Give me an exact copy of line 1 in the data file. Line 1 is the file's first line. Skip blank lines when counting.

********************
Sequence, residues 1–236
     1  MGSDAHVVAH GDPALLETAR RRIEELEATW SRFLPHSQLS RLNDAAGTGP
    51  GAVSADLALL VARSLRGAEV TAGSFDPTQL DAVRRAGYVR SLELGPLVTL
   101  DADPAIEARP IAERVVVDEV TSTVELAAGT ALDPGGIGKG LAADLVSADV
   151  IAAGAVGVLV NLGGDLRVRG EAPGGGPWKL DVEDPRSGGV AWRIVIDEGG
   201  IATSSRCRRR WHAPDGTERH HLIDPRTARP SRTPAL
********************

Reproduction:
Sequence, residues 1–236